They Get Cold Weather Questions


It’s Spring in California. It was hot yesterday. Warm in the monring, sunny all day, and hot in the afternoon. The plants loved it, and so did I. I’m not bragging, mind you, but there’s freezing temperatures all across the upper midwest today, and I pity you all. <br /><br />From the <a href="https://cactusjungle.com/archives/blog/exit.php?url_id=1828&amp;entry_id=1649" title="http://www.jsonline.com/story/index.aspx?id=709527" onmouseover="window.status=’http://www.jsonline.com/story/index.aspx?id=709527′;return true;" onmouseout="window.status=”;return true;">Milwaukee Journal-Sentinel</a>:<br /><br /><div style="margin-left: 40px;"><span style="font-style: italic;">Q.I have a very large cactus (Euphorbia Tree) that normally thrives in our sunroom.<br />
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We had several very cold days and it got much too cold in that non-insulated room.<br />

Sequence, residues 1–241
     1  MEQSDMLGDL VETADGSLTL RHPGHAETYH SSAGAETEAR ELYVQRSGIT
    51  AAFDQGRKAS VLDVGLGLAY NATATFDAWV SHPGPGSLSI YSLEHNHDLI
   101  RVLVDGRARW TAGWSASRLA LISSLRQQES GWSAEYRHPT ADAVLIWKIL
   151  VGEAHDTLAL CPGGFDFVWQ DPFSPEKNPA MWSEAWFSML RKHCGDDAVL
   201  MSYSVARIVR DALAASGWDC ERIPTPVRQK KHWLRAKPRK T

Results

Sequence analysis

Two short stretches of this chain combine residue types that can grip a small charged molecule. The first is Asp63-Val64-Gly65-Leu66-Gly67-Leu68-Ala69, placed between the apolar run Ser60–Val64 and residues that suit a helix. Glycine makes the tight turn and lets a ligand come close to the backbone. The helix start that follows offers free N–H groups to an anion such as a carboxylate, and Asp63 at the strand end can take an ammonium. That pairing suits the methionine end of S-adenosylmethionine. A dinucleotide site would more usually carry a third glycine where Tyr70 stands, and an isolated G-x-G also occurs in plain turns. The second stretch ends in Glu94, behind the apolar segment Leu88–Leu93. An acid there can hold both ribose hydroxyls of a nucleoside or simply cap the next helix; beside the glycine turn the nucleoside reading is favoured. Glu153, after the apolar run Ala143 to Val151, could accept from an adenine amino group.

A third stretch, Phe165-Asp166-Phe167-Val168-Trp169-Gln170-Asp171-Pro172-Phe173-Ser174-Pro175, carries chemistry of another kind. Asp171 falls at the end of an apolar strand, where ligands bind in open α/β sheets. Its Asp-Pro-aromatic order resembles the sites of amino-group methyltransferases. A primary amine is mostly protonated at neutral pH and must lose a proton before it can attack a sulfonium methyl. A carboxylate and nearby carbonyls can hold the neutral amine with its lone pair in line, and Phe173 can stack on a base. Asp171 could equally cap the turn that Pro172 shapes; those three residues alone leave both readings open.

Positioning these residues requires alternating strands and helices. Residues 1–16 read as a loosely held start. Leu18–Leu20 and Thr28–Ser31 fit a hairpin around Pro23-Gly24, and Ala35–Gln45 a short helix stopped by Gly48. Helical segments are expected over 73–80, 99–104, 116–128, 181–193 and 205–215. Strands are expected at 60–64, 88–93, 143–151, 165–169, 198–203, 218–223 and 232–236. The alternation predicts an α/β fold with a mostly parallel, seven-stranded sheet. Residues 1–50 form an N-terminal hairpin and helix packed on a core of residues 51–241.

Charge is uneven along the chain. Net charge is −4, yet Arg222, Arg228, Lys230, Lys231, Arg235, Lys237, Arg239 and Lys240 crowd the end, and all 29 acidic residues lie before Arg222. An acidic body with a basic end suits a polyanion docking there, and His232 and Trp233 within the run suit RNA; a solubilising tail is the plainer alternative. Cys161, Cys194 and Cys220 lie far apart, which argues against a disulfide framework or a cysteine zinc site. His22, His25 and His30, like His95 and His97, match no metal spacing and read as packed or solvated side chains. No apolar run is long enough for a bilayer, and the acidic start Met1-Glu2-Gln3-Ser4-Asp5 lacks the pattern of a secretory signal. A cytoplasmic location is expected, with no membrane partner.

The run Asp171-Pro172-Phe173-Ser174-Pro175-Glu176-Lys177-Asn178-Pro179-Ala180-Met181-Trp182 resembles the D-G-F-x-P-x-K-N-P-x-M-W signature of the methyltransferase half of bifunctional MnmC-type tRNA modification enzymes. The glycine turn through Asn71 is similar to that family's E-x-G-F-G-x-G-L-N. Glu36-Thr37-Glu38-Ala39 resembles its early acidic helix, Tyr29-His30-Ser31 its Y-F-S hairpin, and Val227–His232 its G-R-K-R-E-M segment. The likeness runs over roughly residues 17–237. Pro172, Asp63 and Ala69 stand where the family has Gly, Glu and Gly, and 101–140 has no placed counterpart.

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All of the new growth on the cactus has either shriveled or turned light greenish-yellow and is droopy. This cactus stands about 6 feet. What can I do to revive it?<br />
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A. If the damaged areas continue to deteriorate or show no signs of improvement, it is time to do some pruning.<br />
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Remove the dead portions back to a healthy stem. If older parts of the plant are firm and normal color there is a good chance you can save the plant.<br />
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Prevent future cold damage and continue to give it proper care and time to recover. </span><br /></div><br />Colder days indeed. After winter damage, when spring finally arrives in your part of the country, we recommend a good dose of kelp meal.<br /><br />


    
    
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